Göbekli Tepe (or Göbeklitepe) is the famous Neolithic archaeological site in the Southeastern Anatolia Region of Turkey that is considered to be the first and oldest known permanent human settlement in the world. If it is truly the first place people settled down, that means there were wanderers before then. Where did these particular wanderers come from 12,000 years ago? It turns out the answer to that question has been a mystery … until now. A surprising recent discovery in this well-studied land may have identified the place of origin of the first residents of Potbelly Hill – the Lake Baikal region of Siberia.
“Mass migrations of the peoples of Siberia to Zagros along the Central Asian mountain corridor should have reached the cultural areas of Göbekli Tepe through northern Iraq.”
Professor Semih Güneri from the Center for Archaeological Research of the Caucasus and Central Asia at Dokuz Eylul University, presented his findings at the Preliminary Turkish Congress Bringing Culture to the World held in Istanbul in mid-June 2022. Together with his research partner Professor Ekaterine Lipnina, Güneri introduced the attendees at this international conference to the idea that a mass migration began in Siberia 30,000 years ago, spreading all across Asia and eventually to Eastern and Northern Europe. As reported by Cumhuriyet, Hurriyet Daily News and other media sources covering the conference, Güneri found evidence which leads him to believe these wandering Siberians were the people who stopped and established Göbekli Tepe.
“Based on the results of joint research with Russian colleagues, we found out that traces of the production of stone tools made by copying by the Upper Paleolithic Siberian peoples, represented by the Early North Asian genetic group, were previously identified in Europe and Russia in the region”
While Göbekli Tepe is rich in structures, especially the circles of massive stone pillars decorated with reliefs of wild animals, the site lacks the kind of archeological data which could identify its residents, including their religion which motivated to build this temple and settle around it. Güneri knew that the Siberians of 30,000 years ago had a unique way of making stone tools. That is why he became excited when he found evidence of toolmaking at Göbekli Tepe.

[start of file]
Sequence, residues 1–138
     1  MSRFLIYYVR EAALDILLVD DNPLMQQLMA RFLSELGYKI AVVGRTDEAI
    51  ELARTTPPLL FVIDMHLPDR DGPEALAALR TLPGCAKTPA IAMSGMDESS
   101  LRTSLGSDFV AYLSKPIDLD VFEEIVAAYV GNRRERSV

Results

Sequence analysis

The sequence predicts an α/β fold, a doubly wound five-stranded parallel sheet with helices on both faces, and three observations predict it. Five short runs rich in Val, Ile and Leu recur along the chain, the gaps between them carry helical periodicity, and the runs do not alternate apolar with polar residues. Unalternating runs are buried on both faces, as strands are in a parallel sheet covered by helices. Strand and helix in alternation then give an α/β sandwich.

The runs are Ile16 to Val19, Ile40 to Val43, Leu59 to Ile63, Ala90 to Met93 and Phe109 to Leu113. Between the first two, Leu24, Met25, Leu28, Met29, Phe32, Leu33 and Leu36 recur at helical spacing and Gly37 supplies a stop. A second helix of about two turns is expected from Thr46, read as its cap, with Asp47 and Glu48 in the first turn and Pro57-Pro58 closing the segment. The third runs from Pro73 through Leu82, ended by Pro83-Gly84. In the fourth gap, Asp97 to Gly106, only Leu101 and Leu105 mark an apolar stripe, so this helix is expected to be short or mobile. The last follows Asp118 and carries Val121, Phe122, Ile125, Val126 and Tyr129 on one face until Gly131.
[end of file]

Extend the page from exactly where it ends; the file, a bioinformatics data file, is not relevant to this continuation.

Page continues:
“We discovered products of microblade copying technology, invented by the ancient peoples of North Asia 30,000 years ago, in the region of the Zagros Mountains.”
Güneri found evidence of a Siberian microblade copying technique in the Zagros mountains in Iran, northern Iraq, and southeastern Turkey – the pathway Siberians would have taken on their migration. Dr. Güneri refers to the technique as a “pressed microblade stone tool technology.” While other Göbekli Tepe were looking at the giant monoliths, the world’s oldest, Güneri went small … really small.
“The imprinted microblades we are working on are tiny cutters of 2-5 mm in size. These are precision tools used in the finest works by arranging them on bone material.”
The origin of this technique was confirmed in 2019 when he went to the Baikal region of south-east Siberia, home of Lake Baikal, the oldest (25 million years) and deepest (1,700 m or 5577 feet) lake in the world – a lake steeped in history and mystery to this day. The people of this region would certainly have been advanced enough to transport this technology with them and even teach it to others – which Güneri confirmed in his presentation.